What can we tell the diehard Montreal Canadiens fan about Carey Price that he or she doesn't already know? Probably not too much, though there was some good news just yesterday that Price has fully recovered from his concussion and thus may now travel home to British Columbia. It is based on this news that today we take a step back from Carey Price the goaltender and look at Carey Price the cowboy, providing some insights on the roots of the stone-cold Habs keeper.
To begin, here is a clip done by TSN on Price's favourite off-ice pass-time:
And more Carey on horseback:
Price's cowboy origins come from his growing up in Anahim Lake, British Columbia, a village which, when combined with surrounding areas, has a population of just 1,500 (just 360 of which are in the community of Anahim Lake itself). Nearly half of that number is made up of Ulkatcho First Nations living on nearby reserves. The local Stampede is the highlight of the region's social calendar, and thus the foundation of Price's love for the rodeo.
Anahim Lake, a small area hours north of Whistler (or a 10-12 hour drive from Vancouver), is primarily a community based on forestry, though cattle farming, sport fishing, and mushroom picking are also important economic activities. Outdoor adventure opportunities bring some tourism to the area, with the village being surrounded by the snow-capped Coastal Mountain Range. It is no wonder, then, that Price has such a calm and peaceful demeanour from growing up in these parts.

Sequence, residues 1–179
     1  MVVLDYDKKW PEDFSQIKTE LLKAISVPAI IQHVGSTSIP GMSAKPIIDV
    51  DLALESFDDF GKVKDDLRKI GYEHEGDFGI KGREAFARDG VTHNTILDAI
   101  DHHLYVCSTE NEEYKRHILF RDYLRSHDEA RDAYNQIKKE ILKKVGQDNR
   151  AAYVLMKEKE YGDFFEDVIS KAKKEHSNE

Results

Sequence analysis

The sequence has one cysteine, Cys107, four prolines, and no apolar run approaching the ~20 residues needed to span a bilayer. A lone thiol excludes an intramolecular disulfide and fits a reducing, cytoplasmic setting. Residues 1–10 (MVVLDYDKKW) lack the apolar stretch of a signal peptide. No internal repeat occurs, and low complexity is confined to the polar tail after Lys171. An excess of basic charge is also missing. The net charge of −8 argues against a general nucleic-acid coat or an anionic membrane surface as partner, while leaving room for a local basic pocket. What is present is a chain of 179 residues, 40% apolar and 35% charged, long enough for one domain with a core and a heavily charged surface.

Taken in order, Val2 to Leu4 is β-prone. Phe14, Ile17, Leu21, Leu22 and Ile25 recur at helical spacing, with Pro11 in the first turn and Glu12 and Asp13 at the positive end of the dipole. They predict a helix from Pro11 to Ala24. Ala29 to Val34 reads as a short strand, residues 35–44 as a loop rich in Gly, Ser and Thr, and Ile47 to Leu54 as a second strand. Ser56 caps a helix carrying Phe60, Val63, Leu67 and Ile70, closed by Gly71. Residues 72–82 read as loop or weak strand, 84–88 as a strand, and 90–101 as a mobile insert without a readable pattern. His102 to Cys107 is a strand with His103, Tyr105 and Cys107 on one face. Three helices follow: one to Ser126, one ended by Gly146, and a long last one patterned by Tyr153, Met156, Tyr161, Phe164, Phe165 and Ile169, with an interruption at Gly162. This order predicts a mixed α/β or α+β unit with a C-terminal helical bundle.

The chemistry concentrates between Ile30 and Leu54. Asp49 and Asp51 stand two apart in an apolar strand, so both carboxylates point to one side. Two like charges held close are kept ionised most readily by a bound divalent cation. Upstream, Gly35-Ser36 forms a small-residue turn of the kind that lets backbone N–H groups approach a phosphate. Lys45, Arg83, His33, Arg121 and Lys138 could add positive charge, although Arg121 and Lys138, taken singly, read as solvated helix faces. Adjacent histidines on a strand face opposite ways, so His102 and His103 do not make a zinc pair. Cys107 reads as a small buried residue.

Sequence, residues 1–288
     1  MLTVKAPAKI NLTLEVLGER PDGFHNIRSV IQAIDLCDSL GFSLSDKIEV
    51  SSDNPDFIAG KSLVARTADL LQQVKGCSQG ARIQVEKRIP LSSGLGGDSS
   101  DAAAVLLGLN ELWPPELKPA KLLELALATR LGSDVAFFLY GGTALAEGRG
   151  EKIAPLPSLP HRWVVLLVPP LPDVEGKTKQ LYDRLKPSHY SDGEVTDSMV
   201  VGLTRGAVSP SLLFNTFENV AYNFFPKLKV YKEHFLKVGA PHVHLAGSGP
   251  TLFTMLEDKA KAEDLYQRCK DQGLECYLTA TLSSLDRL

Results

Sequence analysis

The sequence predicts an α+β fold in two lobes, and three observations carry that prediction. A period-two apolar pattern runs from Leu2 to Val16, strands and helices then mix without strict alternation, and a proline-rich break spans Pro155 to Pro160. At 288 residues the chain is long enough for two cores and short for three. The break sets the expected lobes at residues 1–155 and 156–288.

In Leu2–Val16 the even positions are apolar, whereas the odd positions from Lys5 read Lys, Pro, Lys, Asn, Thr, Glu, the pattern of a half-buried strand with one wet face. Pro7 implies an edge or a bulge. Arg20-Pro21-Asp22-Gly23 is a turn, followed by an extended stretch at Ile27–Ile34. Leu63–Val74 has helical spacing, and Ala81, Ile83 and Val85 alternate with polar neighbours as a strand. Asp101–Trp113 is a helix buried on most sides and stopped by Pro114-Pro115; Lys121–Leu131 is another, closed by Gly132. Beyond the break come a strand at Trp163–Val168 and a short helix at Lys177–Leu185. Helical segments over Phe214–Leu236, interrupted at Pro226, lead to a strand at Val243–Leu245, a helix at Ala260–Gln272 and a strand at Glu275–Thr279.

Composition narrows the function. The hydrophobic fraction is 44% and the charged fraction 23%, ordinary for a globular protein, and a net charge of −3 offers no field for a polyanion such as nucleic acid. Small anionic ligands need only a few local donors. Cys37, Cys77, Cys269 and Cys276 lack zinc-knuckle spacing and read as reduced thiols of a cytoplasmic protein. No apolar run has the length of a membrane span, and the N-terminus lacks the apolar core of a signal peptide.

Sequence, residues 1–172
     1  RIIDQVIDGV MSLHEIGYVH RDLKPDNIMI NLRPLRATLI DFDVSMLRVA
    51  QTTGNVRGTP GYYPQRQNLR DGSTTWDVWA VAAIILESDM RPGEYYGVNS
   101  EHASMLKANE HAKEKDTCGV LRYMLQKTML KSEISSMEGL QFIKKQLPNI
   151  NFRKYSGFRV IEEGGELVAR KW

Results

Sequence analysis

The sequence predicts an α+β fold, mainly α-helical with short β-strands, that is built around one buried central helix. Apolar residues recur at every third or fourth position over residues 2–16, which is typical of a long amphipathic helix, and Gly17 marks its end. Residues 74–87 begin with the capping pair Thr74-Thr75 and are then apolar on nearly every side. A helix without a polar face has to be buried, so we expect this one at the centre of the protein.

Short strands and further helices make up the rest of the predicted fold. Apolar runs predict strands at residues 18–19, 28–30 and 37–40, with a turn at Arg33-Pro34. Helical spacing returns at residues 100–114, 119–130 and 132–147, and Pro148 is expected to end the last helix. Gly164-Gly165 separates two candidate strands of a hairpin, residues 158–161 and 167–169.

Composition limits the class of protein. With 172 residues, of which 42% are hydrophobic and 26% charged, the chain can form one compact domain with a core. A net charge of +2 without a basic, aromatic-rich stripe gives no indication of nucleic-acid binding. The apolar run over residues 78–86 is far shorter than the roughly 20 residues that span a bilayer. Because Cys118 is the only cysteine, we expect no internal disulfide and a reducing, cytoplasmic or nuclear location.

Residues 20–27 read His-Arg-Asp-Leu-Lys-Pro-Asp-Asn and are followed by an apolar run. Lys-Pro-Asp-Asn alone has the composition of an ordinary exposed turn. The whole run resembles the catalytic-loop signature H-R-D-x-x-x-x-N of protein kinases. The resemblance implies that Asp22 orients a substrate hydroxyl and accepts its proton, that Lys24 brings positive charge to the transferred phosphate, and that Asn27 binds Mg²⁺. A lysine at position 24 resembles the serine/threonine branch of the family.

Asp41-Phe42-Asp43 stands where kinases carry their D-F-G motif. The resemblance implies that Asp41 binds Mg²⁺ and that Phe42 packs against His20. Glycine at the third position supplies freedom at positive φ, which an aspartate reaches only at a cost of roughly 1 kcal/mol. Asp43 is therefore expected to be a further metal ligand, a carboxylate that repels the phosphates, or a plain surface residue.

If you ever wanted to make a pilgrimage out there in Carey's honour, there is actually a small airport serving the region with direct service from Vancouver on Pacific Coastal Airlines. You can spend a weekend or more camping and enjoying nature's beauty at "resorts" like this one: http://www.anahimlakeresort.com/index.htm
photo credit for left). In fact, the village also has no educational institutions that go beyond the 9th grade level. Thus, for Carey to become the man he is today took serious dedication on the part of his family, with his father shuttling a young Price to and from the nearest rink - that in Williams Lake - three times a week to play minor hockey. Many parents make big sacrifices to cater to their childrens' professional sport aspirations, but consider that the drive from Anahim Lake to Williams Lake is about five hours each way. The solution to this? Fortunately, Jerry, Carey's father and a former goaltender taken in the 8th round by the Philadelphia Flyers in 1978 in his own right, was a licensed pilot and was thus able to make the commute in shorter time spans when weather conditions permitted.
Carey has come an awfully long way to be where he's at today, and I couldn't be happier to hear that he's received a clean bill of health to start his off-season relaxing and training regimen. For the Canadiens to bounce back at all next year, they will need him at the top of his game, so here's to a great and productive summer for a remarkable young man.